The daughter of House of Commons deputy speaker Lindsay Hoyle was found hanged in her bedroom, an inquest has heard.
Natalie Lewis-Hoyle was found by her mother, Maldon councillor Miriam Lewis.
An ambulance was called and police attended the scene at the family home in Beeches Road, Heybridge on Friday, December 15.
At the opening of an inquest into her death this morning, a post mortem revealed that the 28-year-old died as a result of compression of the neck consistent with hanging.
Caroline Beasley-Murray, senior coroner, has not released the body so that toxicology and histology reports can be made.
Essex Police do not believe her death was suspicious, reports.
She listed her inquest for mention on Jan 8, 2018 to fix a date for a full inquest.
Mr Hoyle last week paid tribute to his ‘beautiful’ daughter after she died suddenly, aged 28.
The Labour MP for Chorley said his family would never be the same without Natalie.
In a tweet, Mr Hoyle – who was appointed deputy speaker in 2010 – wrote: “I am truly devastated by the death of our beautiful daughter Natalie. Our family will never be the same without our loving granddaughter, sister & aunty.
“Thank you for the kind support we’ve received it is overwhelming. Please continue to respect our privacy & allow us to grieve.”
On Saturday afternoon, Mrs Lewis took to Facebook to confirm her daughter’s death and ask anyone who spoke to Natalie in the hours before her death to come forward.
She posted: “It is with unbearable sadness that I have to announce the sudden death of my beautiful, much adored daughter Natalie.
“If Natty contacted you by phone, text, messenger or any other means on Thursday evening, 14 December, between 20.00 and midnight, please let me know through this page or contact A/Insp Jon Loudon at Essex Police incident no. 158.
“Any little scrap of information may be more relevant than you imagine.
“Her mobile phone is missing and may have been left of the 9.18pm from Liverpool Street to Ipswich on Thursday evening. If you found an iPhone please hand it in quoting Essex Police incident 158.
“Natalie is my only child – my mini-me.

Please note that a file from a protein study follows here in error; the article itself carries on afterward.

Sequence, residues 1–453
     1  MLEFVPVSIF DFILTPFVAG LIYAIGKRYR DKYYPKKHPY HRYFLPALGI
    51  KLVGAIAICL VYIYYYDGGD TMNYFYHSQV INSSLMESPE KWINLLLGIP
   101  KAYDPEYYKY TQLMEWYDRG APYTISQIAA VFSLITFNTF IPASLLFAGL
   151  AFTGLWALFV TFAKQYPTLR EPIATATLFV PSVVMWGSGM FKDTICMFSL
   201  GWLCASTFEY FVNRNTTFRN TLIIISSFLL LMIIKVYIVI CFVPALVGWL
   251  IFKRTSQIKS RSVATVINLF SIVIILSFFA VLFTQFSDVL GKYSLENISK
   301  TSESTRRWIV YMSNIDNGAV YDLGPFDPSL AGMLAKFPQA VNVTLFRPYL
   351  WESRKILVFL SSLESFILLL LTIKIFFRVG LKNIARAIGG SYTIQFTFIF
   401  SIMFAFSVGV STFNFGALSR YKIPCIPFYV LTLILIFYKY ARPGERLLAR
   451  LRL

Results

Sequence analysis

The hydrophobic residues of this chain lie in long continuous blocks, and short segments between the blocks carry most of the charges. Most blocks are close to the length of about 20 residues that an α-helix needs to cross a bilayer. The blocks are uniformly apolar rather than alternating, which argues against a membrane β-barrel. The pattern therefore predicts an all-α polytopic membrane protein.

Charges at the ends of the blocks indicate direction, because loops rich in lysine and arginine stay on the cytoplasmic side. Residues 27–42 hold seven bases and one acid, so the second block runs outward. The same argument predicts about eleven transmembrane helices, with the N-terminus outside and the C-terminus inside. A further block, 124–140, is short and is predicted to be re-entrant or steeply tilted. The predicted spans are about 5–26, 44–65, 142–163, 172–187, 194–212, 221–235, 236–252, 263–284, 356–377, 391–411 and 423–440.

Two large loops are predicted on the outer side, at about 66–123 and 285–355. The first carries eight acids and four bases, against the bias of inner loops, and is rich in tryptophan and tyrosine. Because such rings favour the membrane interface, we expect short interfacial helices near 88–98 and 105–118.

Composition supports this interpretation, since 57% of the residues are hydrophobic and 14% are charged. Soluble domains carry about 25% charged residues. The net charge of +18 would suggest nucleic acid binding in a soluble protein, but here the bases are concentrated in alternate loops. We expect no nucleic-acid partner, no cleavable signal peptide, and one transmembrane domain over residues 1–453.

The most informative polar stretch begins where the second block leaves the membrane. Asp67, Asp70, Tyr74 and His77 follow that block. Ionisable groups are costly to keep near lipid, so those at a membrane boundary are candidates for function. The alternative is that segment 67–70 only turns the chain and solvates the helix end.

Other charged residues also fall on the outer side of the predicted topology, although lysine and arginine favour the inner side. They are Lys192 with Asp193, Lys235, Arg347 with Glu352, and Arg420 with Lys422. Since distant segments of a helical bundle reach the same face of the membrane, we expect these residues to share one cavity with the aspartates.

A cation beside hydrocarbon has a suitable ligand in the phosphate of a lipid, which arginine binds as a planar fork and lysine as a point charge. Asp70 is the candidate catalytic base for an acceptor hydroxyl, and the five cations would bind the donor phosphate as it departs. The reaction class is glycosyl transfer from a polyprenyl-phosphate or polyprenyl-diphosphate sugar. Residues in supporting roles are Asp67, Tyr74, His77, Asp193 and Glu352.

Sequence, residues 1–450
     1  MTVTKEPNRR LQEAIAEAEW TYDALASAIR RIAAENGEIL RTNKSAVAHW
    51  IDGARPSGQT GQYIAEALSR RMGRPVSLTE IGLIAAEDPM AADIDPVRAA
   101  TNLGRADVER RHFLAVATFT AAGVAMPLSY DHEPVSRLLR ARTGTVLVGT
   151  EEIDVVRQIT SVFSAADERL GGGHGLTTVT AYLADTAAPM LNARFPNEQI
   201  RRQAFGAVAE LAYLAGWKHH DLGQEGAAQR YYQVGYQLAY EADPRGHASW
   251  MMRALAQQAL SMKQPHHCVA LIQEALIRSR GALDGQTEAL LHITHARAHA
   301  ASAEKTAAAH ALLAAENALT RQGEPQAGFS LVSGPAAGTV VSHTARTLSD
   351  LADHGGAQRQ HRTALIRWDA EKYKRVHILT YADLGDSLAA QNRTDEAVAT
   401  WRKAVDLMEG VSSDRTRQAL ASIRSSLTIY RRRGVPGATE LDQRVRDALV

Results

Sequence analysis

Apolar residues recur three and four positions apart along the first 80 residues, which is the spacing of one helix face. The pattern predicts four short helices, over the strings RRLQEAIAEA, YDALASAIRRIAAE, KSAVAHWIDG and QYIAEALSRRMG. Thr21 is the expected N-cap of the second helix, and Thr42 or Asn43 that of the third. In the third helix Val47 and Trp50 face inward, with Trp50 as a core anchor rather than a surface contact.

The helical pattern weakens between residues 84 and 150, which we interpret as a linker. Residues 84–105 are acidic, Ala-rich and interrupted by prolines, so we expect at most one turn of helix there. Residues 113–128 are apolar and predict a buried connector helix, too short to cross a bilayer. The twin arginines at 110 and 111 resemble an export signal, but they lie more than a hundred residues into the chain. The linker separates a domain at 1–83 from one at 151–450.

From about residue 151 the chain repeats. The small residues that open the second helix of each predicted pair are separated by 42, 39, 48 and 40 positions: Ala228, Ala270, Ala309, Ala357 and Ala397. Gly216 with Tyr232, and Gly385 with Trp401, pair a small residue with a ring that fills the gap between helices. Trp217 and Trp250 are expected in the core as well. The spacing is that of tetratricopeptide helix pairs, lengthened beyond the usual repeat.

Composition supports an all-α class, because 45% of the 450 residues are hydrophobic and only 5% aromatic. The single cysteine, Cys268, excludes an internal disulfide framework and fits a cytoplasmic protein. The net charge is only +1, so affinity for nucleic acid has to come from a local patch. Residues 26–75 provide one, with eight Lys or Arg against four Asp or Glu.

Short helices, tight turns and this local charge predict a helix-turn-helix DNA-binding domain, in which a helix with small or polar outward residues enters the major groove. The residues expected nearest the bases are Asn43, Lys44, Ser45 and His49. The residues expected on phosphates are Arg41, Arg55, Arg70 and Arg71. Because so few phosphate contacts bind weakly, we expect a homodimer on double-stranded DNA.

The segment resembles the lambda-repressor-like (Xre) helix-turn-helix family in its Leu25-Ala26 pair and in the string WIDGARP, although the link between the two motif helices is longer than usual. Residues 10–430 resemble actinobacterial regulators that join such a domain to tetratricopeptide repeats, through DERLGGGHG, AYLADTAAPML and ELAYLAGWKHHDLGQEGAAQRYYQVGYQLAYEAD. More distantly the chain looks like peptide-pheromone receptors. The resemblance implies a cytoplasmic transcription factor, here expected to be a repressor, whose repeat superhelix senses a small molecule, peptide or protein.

“Please help me find out what happened to her in the hours before her death.”
Nigeria Football Federation boss Amaju Pinnick under fresh corruption probe
Several properties belonging to top officials of the Nigeria Football Federation (NFF), including its president Amaju Pinnick, have been seized in a fresh corruption probe.
The latest investigation and seizures are being carried out by the country’s Independent Corrupt Practices and Other Related Offences Commission’s (ICPC).
The ICPC has published a newspaper advertisement about the properties seized – half of which belong to Pinnick.
According to the statement published in the Nigerian papers one of Pinnick’s properties is in London.
It comes amidst wide-ranging claims over how money meant for football development allegedly disappeared.
“We can’t go into further details beyond the fact that many officials of the NFF are under investigation,” ICPC spokesperson, Rasheedat Okoduwa said.
“It’s basically because what they have is in excess of what they have earned.”
The ICPC has also taken control of properties belonging to the NFF second vice-president Shehu Dikko and the general secretary Muhamed Sanusi among others.
Rwanda ban Burundi,s music star ahead of annual festival
Burundian musician Jean Pierre Nimbona, popularly known as Kidum, has told the BBC he is confused by Rwanda’s decision to ban him from playing at the upcoming Kigali Jazz Fusion festival.
Kidum is one of Burundi’s biggest music stars and has performed in Rwanda for the past 16 years.
But a police official phoned the musician’s manager to warn that he would only be allowed to make private visits to Rwanda.
“[My manager was told] Kidum is not supposed to perform, tell him to leave. If he comes for private visits fine, but no performances,” the musician told BBC’s Focus on Africa radio programme.
The mayor of Rwanda’s capital said that in this instance permission had not been sought from the authorities for him to perform at the festival in Kigali.
Kidum was a leading peace activist during Burundi’s civil war between 1993 and 2003 and used his songs to call for reconciliation.
The 44-year-old musician said he had never had problems with Rwandan authorities until recently when three of his shows were cancelled at the last minute – including one in December 2018.
That month Burundi had banned Meddy, a musician who is half-Burundian, half-Rwandan, from performing in the main city of Bujumbura.
Kidum said he was unsure if the diplomatic tensions between Burundi and Rwanda had influenced his ban.
“I don’t know, I don’t have any evidence about that. And if there was politics, I’m not a player in politics, I’m just a freelance musician based in Nairobi,” he said.
He said he would not challenge the ban: “There’s nothing I can do, I just wait until maybe the decision is changed some day.
“It’s similar to a family house and you are denied entry… so you just have to wait maybe until the head of the family decides otherwise.”
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